counseled womanhood itself against ill-advised romantic associations via, of course, a high-powered "Think."
Freshly anointed Regis Philbin sidekick Kelly Ripa introduced Nelly Furtado,
the Canadian pop thrush, who tried to invest her own "I'm Like a Bird" with
somewhat ill-conceived melismas.
More successful in achieving "soul power" liftoff was Mary J. Blige,
introduced by alleged natural woman Pamela Anderson. Yonkers' favorite
daughter turned in a fine Franklin-redolent tune before trading verses and
shouts with Franklin on "Do Right Woman, Do Right Man." Blige tried
valiantly to keep up, but while she's a natural woman, she was duetting with
a force of nature, one who big-upped both Ed Bradley and Billy Dee Williams in
the middle of the tune.
Introduced by "Will & Grace" star Eric McCormack, Franklin then joined a blue-chip jazz band but didn't sing as much as exhort and kibitz ("Shut up!," "Talk that stuff!") with trumpet great Clark Terry, as he lapsed from actual words into delightful scatting. "Bill Cosby would love that," she effused as Terry let loose errant syllables. Drummer Roy Haynes, bassist Ron Carter, pianist Herbie Hancock, saxophonist James Carter and guitarist Russell Malone each took brief solos on the bluesy romp. (Franklin introduced Carter as Terry began his solo, but it's her night, right?)
Dorough, Richardson and McLean reappeared to say a few words about VH1's Save the Music charity, which seeks to maintain public-school music programs nationwide and which the event benefited.
Four principal actresses from "The Sopranos" Lorraine Bracco, Aida
Turturro, Drea de Matteo and Edie Falco next set the scene for Franklin's reprise of her 1998 Grammy turn on Puccini's "Nessun Dorma." Just as she did then, subbing for an ill Luciano Pavarotti, Franklin invested a rich,
uniquely American air to the aria.
Following an introduction by Renee Zellweger, the event's pacing then became completely schizophrenic as Franklin began a faithful rendition of "Rock Steady" only to herald a longhair bounding from the back of the hall. "I've seen him before," she cried, as none other than Kid Rock clambered onstage to bust a rhyme regarding the ineffable greatness of Detroit. His final thought? "I'm sorry Miss Jackson/ But thank you Miss Franklin." With that, he took Franklin's arm and both exited.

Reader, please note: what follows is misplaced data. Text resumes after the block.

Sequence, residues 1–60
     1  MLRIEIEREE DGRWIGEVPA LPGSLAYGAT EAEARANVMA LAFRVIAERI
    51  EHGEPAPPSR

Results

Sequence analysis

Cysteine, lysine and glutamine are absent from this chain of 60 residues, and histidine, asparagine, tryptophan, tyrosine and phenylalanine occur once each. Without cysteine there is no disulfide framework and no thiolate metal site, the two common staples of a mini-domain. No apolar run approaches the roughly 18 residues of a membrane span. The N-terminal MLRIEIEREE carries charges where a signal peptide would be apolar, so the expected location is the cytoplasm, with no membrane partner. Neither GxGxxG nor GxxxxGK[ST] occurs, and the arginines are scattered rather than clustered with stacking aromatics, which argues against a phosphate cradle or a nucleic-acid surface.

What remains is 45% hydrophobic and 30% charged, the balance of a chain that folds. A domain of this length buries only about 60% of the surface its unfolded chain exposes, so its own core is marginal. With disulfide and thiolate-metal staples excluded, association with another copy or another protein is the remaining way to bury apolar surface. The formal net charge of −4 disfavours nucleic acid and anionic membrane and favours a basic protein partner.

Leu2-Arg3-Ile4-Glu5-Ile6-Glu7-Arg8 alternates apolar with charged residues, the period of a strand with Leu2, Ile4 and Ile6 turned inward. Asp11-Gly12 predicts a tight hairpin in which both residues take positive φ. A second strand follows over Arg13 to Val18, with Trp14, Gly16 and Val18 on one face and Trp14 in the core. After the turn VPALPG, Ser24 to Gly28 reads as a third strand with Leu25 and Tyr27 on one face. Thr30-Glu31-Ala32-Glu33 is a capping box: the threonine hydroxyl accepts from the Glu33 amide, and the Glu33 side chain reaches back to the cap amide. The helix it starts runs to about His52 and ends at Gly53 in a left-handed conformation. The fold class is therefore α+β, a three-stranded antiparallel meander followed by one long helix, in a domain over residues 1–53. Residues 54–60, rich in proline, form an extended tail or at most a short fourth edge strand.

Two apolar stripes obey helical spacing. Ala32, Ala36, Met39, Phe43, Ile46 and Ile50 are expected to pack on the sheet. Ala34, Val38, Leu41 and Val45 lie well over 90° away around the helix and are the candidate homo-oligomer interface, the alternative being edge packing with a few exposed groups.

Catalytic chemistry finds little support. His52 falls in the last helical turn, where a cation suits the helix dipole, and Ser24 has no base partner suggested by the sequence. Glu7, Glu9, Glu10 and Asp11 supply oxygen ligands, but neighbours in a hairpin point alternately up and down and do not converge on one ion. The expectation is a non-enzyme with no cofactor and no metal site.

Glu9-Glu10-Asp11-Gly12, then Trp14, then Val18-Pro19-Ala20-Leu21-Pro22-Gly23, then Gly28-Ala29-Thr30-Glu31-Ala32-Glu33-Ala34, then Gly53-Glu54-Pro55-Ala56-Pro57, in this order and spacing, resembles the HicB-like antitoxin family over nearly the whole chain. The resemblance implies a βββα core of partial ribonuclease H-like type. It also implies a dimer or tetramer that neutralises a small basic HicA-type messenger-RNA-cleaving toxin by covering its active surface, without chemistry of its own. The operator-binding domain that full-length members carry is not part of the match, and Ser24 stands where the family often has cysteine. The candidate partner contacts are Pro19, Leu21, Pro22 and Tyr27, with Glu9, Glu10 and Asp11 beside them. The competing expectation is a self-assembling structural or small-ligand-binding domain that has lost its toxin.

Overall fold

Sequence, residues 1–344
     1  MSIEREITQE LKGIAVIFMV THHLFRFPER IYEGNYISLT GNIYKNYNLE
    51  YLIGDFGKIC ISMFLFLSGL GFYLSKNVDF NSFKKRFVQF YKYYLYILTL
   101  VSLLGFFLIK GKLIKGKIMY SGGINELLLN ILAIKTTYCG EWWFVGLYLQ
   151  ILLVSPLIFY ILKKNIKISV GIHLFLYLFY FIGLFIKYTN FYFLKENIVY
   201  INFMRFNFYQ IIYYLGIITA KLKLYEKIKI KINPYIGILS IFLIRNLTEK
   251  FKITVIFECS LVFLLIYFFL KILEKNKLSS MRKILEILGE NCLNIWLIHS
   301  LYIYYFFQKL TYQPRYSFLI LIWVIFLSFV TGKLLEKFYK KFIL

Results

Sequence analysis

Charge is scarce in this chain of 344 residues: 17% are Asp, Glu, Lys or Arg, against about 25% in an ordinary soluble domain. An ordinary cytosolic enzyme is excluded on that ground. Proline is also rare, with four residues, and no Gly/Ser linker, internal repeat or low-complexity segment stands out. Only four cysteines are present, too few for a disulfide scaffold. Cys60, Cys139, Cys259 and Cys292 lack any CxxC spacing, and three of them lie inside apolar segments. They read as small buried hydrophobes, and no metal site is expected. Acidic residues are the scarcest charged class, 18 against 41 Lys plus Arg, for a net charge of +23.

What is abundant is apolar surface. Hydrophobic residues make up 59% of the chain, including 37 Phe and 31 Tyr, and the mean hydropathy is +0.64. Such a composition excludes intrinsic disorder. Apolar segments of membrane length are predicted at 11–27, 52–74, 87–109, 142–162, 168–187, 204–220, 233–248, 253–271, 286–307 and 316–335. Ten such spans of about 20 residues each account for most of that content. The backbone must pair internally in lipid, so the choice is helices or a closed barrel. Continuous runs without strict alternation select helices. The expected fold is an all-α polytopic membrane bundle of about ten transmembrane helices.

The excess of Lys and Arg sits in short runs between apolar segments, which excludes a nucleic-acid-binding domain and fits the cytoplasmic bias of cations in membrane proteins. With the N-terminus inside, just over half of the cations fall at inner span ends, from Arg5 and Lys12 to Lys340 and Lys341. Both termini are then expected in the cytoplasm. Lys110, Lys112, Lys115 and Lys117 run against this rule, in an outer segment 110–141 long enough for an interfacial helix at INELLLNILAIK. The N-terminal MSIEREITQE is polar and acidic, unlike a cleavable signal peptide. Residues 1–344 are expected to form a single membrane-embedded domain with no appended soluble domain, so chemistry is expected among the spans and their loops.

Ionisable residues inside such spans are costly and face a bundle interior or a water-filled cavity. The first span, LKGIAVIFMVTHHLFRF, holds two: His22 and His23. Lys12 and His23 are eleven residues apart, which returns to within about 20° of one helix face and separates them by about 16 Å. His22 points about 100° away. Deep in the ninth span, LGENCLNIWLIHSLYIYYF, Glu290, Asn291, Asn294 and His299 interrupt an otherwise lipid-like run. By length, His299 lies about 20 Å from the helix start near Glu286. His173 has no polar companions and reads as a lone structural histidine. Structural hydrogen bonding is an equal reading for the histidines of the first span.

Gospel is clearly Franklin's home idiom and, accompanied by New Orleans
shouter Bishop Paul Morton and the New Jersey Mass Choir, she left no stop unpulled on on "Precious Memories." It cemented the opinion that her most
incandescent moments have been in that genre: She sang at Martin Luther King Jr.'s memorial and her 1972 opus Amazing Grace (which included
"Precious Memories") might be her most powerful single album. After that, her
energy flagging, the customary "Respect" seemed a bit rote.
It was time to take it home: All the performing guests (save Marc Anthony)
lined up to back the Queen's 1985 hit "Freeway of Love." Lo and behold, Stevie Wonder arrived to add some slightly audible backing vocals.
There was no "I've Never Loved a Man (The Way I Love You)," no "Something He Can Feel." But no one present or watching at home could possibly
misunderstand what a diva is in the best sense of the term. And that was the undeniable achievement of this tribute to the greatest living American singer.
(VH1's parent company, Viacom, also owns Sonicnet.)